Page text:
LAVISHING IN THE PRINCIPLE OF EQUALITY

LAVISHING IN THE PRINCIPLE OF EQUALITY
By: ADENOWO USAMAH OLALEKAN, Esq.

Thomas Jefferson was a role model of many. He was third American president (1801-1809), highly revered statesman and politician, a farmer, one of the leaders of the 19th century American Revolution, a founding father of the western modern democracy, and a pioneer scholar of his time who advocated for change in the western civilization. He did this by reawakening an existing principle, Democracy.
   At the time, the world was ignorant of this concept. Empires and kingdoms were more prominent and only a few nations existed. It was not that the principle of democracy had not been previously practised. In fact, the Greeks were the first to practise it. Afterwards, the Islamic nation at its climax had developed its own distinct principle of democracy. Jefferson merely brought it into limelight once more by advocating an inalienable principle, equality alongside democracy.

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                            photocredit: http://www.wikipedia.com

   His approach, however, is more than alluring for a treatise. He postulated the fact that “all men are created equal”. This statement of his was made in his ‘Declaration of independence’ adopted on 4th July, 1776. After that, a wide array of politicians and reckonable figures utilised the statement in speeches. People had equal rights to do and otherwise. Everyone had a free will or may be freedom whether as a citizen or a member of the high-class society. In other words, he advocated humanism- the leadership of humans by humans and for humans. All divine elements were ejected with utmost promptness giving room for secularist humanism.

     Sadly, it was difficult for people to get the message in the statement. Or, they simply created an understanding of it that suited them. Jefferson did not expatiate what he meant beyond stating it in the Declaration. The predominant challenge of the American state at that time as regards the citizenry was slavery and it needed amendment. The other which the Americans did not see as a problem was racism. They realised this only years afterwards. The heavy statement and the ugly trends aged unutilised with the same people. It started from Jefferson himself.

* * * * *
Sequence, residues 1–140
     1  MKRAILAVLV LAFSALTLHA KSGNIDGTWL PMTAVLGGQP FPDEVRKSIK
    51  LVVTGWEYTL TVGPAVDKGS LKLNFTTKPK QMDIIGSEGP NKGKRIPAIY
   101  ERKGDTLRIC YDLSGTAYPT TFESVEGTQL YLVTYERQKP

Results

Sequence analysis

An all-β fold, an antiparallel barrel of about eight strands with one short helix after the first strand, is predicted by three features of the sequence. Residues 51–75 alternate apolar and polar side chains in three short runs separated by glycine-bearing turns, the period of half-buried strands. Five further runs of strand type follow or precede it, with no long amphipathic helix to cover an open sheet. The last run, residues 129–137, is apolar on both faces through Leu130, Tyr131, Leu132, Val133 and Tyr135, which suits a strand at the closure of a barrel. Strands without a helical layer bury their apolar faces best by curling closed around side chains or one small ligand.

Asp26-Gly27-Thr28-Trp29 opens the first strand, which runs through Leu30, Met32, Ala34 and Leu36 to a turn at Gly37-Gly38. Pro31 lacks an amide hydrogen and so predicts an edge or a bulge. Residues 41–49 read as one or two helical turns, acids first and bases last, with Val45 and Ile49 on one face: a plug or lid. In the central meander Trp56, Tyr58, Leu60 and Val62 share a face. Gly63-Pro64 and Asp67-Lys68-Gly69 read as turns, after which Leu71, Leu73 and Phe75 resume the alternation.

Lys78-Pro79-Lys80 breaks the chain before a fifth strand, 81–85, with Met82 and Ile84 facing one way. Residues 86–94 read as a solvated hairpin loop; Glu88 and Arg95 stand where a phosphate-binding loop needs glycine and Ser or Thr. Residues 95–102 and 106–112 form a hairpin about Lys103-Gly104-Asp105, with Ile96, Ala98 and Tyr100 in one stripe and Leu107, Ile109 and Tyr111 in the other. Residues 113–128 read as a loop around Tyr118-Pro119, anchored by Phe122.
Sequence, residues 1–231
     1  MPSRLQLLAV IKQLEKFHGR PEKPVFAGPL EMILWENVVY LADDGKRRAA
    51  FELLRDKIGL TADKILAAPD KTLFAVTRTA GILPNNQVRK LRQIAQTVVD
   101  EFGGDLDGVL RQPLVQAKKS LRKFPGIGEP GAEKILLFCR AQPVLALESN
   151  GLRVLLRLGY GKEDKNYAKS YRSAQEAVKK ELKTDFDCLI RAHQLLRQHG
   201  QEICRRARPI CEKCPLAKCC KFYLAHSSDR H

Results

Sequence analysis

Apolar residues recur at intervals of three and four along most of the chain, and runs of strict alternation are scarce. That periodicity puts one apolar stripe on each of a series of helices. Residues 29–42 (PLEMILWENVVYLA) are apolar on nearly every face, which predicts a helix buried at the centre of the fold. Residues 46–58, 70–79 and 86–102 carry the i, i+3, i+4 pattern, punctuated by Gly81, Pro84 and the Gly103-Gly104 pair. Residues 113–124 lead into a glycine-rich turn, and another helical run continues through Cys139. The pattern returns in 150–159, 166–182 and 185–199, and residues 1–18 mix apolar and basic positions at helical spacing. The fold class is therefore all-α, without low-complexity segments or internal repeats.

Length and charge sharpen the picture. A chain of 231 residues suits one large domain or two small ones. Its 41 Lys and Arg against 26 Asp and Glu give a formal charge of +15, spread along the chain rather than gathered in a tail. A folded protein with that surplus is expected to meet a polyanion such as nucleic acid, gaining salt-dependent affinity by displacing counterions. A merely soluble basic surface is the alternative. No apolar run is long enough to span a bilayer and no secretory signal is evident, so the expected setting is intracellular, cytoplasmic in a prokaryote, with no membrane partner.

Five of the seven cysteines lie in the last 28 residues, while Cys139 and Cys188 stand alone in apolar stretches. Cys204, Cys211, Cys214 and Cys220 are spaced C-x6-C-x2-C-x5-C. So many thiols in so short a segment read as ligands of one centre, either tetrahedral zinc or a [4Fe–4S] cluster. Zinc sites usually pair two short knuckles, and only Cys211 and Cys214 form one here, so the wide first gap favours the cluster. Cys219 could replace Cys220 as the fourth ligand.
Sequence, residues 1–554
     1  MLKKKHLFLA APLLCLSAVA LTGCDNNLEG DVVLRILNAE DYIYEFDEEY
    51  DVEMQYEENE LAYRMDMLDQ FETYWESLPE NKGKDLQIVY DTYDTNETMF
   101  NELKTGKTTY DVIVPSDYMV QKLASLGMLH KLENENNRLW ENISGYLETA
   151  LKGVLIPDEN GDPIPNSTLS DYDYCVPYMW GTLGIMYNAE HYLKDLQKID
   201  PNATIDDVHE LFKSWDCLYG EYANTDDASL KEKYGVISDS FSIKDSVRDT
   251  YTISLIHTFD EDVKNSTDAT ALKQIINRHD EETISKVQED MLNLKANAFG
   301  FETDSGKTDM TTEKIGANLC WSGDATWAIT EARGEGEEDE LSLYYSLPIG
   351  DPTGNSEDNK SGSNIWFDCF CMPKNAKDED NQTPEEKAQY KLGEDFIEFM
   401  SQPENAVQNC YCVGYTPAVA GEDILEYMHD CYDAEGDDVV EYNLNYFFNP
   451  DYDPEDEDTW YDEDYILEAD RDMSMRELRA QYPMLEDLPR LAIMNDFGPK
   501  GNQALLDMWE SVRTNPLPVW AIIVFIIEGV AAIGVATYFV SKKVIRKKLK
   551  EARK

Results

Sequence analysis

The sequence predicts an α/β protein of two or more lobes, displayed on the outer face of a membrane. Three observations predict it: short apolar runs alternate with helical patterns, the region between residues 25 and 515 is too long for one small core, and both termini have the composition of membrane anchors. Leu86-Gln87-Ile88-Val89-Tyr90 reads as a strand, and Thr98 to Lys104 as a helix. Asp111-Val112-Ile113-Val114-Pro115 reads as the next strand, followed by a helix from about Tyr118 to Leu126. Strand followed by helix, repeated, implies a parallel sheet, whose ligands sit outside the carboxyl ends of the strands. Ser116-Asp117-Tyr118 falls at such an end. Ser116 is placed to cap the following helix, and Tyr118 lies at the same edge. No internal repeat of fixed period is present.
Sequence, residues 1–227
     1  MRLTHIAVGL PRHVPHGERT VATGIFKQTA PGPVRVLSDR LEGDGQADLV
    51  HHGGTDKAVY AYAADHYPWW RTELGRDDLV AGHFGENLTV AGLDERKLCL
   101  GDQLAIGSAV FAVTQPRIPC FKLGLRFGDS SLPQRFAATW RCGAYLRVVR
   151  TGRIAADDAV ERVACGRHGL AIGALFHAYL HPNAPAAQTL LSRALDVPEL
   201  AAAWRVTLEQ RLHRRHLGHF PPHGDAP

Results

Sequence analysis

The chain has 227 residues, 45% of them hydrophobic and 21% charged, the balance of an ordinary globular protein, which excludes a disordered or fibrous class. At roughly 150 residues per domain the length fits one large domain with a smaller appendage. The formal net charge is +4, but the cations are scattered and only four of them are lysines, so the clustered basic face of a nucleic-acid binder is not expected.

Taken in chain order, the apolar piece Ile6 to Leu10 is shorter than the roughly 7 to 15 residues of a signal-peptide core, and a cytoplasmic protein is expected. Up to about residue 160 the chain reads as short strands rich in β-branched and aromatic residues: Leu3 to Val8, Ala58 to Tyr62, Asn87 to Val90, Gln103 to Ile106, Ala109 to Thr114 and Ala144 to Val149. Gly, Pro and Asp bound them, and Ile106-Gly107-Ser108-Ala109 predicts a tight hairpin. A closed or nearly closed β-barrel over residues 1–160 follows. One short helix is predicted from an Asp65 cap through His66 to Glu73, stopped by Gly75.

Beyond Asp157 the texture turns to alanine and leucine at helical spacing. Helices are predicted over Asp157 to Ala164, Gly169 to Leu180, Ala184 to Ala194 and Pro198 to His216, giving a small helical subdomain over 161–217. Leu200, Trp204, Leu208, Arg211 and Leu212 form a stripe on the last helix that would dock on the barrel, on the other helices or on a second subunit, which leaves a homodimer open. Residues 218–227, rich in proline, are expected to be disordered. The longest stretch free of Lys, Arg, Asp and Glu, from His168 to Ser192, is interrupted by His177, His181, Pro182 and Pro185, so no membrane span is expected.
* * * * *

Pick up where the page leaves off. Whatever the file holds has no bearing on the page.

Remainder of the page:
The gaffer was not in any way a direct epitome of his stance. This made him fish food to his critics. Though he hated slavery, he had one of the largest slave possessions in America at that time. He was regarded as a ‘father of slaves’ due to his extreme kindness to them. However, as a man within capacity to change things, he did not do away with slavery, though, slavery with kindness is not in any way comparable to freedom in poverty. People became more confused as his position grew more unclear. Some regarded him a hypocrite while others thought him a blabbermouth. Now, this ‘hero’ would never get a chance to prove his sincerity

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   However, people like Benjamin Franklin and Abraham Lincoln ensured that the principle further developed, though, like Jefferson, their own conceptions were not satisfactory. Lincoln restricted the scope of the concept, narrowing it down to class. His view of equality was that “all men are created equal”- as regards an inalienable right to life, liberty and pursuit of happiness alone. This implied that there were other circumstances such as economy and politics, where people had unequal rights. Or, as people grew up, the strength of their respective claims to equality should narrow down to what is available to their social class.